If you’re a small business, one of the most important hiring considerations you need to take into account is cultural fit. That’s because with so few employees, even hiring one person who doesn’t really gel with the team or fit in with your company culture can throw things off for everyone else. That, in turn, can lead to conflict, lower employee morale, and ultimately inhibit your business.
Let’s take a closer look at what you need to know about hiring for cultural fit at small organizations.
Why cultural fit is key for small business
Your workplace culture affects employee engagement, performance and direction, and overall productivity. Having fewer employees means each individual has a big impact on the prevailing culture. There’s no point in hiring someone who has impeccable credentials if they can’t get along with their colleagues or they might actually demotivate others.
A bad hire can have catastrophic consequences for a small business. At this scale, personalities, work practices, and attitudes are amplified. If you hire the wrong person, it could potentially poison your company culture, leading to negativity, a drop in output, and eventually even valuable employees choosing to leave. That’s not exactly a recipe for success.
In a small business, protecting and nurturing a positive culture is vital for success. Spending extra time and resources on getting the right person for a role is therefore an extremely worthwhile investment.
Hiring for cultural fit
Hiring someone who is a good cultural fit doesn’t mean looking for clones of your current employees. Instead, it’s about finding someone who buys into the company’s mission and vision, has similar work ethics and practices as their colleagues, and who will work well with the rest of your team.
When you’re interviewing someone for a new position, be open and honest about the culture in your workplace. Is it relaxed and sociable or have you adopted more of a ‘work hard, play hard’ mentality? Do colleagues spend a great deal of time collaborating or do people work in silos? Lay it out for the candidate and ask them what kind of work environment suits them best. If their expectations are at odds with the realities of your organization, then chances are that they won’t be a great fit.
What to do when someone’s not working out well
If your new hire isn’t working out and is bringing others in the company down, your first step should be to have a meeting with them. It’s not an easy conversation for anyone to have, but it’s important that you outline your concerns, and to give the person an opportunity to respond and to change their behavior. Are there any other factors impacting their performance in the workplace? Are there simple things a manager can address?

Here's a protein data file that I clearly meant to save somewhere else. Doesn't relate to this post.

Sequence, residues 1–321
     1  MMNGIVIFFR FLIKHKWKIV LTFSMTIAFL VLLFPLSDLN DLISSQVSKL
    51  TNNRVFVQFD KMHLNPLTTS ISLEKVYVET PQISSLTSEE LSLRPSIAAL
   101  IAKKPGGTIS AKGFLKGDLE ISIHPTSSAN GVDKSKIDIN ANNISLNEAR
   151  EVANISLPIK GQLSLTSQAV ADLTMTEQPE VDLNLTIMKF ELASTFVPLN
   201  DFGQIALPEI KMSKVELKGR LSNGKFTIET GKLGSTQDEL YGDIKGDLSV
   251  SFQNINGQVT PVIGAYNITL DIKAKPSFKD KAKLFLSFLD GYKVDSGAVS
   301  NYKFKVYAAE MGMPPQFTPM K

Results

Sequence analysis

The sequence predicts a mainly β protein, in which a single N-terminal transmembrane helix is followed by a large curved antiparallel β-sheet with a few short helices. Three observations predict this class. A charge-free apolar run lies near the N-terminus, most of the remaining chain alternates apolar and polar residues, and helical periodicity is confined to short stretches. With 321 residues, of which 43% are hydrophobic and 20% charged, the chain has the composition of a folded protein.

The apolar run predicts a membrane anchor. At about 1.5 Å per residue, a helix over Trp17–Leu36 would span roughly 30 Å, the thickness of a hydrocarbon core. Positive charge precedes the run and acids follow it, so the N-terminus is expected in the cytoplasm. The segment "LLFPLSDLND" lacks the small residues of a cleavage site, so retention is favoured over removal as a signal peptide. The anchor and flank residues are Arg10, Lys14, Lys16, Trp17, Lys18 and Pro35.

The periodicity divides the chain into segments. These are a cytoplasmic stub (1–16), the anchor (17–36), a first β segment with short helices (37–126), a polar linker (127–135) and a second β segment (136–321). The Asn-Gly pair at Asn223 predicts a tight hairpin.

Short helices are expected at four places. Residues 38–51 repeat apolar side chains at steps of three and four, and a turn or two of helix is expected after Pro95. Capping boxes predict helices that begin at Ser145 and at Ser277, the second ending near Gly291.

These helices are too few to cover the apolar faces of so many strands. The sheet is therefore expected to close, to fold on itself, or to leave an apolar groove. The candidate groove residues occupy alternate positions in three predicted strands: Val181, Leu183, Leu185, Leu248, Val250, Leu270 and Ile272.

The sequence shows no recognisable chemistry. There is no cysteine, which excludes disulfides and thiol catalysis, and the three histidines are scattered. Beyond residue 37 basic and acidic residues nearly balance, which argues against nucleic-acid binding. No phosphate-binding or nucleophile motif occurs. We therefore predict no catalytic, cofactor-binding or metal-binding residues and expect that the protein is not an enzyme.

They may not be aware of the consequences of their actions and just need to be pointed in the right direction. You’ve spent time and resources on hiring them, so it may be worth investing a little more to get them on track.
If it’s not salvageable, what do you do next?
Sometimes you’ve done everything you can and you have no choice but to lose an employee who is disrupting the workplace or bringing down morale. Terminating someone is never a pleasant experience, but as a small business, the cost of keeping a difficult or negative employee is far greater than the discomfort you’ll feel giving them their notice.
In situations like these, it’s usually best to take action sooner than later. Everyone will quickly figure out for themselves if someone is a bad fit and will be looking for the situation to be resolved quickly.
Small workforce, big impact
In a large organization, a difficult employee may negatively affect that person’s immediate team but have no consequences for the overall business. In a small company, however, a new hire affects every facet of operations from employee engagement and productivity through to the bottom line. For that reason, it’s important to focus your hiring process on finding someone who will be the best cultural fit possible. If you make a mistake, don’t be afraid to let them go and start again. Your business and your other colleagues will thank you for it.
How important is cultural fit in your organization’s hiring?